Dermatological - skin These cases are generally divided into horses with atopic dermatitis or insect bite hypersensitivity.
As noted by Jensen-Jarolim et al. (2015):
Atopic dermatitis in equines is becoming a more commonly recognised disease. It is interpreted in horses as an inherited predisposition to form specific antibodies to environmental allergens such as pollens of grasses, weeds, trees, but also to mould and dust.
Insect bite hypersensitivity is a term used to describe the condition induced by an overreaction to biting insects. The most common example is sweet itch, where the irritation is believed to be caused by the saliva of the genus Culicoides (midges) and can lead to secondary infection and severe discomfort compromising the horse’s welfare at times.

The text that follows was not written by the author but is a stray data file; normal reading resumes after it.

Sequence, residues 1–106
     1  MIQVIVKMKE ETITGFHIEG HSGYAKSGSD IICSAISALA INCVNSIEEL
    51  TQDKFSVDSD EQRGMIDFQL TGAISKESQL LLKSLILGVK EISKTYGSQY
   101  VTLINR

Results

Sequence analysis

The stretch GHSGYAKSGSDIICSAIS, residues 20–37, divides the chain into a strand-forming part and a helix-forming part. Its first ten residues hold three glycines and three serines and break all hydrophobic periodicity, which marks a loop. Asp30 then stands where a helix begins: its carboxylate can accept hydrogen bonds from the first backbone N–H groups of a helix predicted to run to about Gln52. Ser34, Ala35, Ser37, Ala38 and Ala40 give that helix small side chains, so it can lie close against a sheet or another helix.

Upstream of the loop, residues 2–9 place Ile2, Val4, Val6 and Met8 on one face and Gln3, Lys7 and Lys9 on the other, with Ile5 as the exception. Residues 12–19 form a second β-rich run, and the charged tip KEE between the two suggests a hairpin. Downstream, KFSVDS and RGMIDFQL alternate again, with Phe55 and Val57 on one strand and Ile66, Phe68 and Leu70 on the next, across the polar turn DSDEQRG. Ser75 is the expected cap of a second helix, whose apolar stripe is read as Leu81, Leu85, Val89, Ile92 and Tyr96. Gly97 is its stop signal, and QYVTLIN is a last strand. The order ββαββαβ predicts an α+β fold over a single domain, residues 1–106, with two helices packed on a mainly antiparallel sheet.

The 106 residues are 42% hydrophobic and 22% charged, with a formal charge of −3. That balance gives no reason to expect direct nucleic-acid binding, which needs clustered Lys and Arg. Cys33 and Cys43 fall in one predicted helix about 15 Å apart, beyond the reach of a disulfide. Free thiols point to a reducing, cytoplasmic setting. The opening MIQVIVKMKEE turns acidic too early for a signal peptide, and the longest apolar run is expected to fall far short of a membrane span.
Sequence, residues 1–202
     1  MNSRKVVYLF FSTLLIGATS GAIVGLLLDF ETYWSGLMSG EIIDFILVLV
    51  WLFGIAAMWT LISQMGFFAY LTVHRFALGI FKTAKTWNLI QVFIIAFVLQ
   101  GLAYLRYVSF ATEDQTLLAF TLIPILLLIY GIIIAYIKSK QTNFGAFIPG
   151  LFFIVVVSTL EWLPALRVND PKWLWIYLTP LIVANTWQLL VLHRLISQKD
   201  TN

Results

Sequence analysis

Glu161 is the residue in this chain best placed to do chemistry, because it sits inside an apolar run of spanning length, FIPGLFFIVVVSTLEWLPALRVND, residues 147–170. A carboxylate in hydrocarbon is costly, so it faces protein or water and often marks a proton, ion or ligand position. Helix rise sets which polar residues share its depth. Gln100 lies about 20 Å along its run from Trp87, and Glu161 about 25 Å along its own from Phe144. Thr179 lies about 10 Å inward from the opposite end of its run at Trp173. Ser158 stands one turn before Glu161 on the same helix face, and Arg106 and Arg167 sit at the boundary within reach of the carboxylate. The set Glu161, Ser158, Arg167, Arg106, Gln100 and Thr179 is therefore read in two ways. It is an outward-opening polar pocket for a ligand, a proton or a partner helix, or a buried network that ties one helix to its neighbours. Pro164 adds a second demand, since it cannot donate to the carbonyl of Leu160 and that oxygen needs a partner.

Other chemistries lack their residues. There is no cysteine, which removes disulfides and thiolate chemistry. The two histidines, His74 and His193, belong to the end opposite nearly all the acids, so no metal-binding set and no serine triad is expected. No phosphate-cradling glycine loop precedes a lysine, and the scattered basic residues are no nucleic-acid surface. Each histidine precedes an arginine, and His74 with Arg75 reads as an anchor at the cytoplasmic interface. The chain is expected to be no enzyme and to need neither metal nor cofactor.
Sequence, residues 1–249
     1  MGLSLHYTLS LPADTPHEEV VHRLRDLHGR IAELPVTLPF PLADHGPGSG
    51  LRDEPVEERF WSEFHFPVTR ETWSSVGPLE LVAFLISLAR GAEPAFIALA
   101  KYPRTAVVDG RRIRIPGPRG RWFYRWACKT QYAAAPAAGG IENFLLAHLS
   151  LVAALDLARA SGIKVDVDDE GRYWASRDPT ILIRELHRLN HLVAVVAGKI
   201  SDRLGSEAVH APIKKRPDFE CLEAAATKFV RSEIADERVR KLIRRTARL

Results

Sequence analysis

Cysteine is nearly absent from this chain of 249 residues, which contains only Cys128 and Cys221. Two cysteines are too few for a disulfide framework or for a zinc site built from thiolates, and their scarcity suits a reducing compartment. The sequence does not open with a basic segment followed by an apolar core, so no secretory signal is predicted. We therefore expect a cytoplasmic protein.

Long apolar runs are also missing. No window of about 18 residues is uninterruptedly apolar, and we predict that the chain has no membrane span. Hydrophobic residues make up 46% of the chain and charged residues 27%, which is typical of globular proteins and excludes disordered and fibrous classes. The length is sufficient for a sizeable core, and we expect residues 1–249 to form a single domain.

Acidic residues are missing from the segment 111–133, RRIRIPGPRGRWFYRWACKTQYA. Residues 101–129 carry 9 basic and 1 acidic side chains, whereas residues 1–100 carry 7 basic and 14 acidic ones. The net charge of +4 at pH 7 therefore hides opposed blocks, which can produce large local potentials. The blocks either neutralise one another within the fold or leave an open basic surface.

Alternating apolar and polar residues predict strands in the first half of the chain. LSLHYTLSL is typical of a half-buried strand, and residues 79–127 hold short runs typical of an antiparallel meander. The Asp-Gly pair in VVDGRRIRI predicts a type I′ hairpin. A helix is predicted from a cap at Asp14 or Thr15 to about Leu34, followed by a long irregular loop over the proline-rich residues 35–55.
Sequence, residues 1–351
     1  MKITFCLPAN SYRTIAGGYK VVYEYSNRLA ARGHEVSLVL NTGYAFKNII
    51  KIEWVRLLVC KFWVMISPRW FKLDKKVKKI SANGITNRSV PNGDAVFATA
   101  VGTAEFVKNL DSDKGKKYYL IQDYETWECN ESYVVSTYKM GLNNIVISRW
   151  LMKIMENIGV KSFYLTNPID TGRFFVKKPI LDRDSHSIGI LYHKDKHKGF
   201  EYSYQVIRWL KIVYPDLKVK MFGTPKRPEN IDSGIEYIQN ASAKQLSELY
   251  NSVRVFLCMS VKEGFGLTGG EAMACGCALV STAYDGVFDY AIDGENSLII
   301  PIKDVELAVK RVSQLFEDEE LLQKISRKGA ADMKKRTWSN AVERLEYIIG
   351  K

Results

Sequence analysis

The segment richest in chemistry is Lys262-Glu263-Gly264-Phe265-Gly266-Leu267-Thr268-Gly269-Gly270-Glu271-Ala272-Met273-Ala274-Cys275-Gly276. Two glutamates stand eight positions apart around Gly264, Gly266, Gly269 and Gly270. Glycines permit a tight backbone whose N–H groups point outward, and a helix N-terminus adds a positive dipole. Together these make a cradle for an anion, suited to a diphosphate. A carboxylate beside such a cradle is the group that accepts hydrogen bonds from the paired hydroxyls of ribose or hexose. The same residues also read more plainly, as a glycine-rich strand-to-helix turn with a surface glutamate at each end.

Interestingly, the clinical signs for atopic dermatitis can be similar to those caused by insect bite hypersensitivity and it is has been recently noted that it is extremely common for horses to have both diseases.
It is also worth bearing in mind that adverse food reactions are in many cases also expressed as a skin issue. This is where there is an immune mediated hypersensitivity, or intolerance to a food constituent.
Clinical signs to look out for include:
- Pruritus (itchy skin)
- Urticaria (also known as hives)
- Alopecia (patchy hair loss)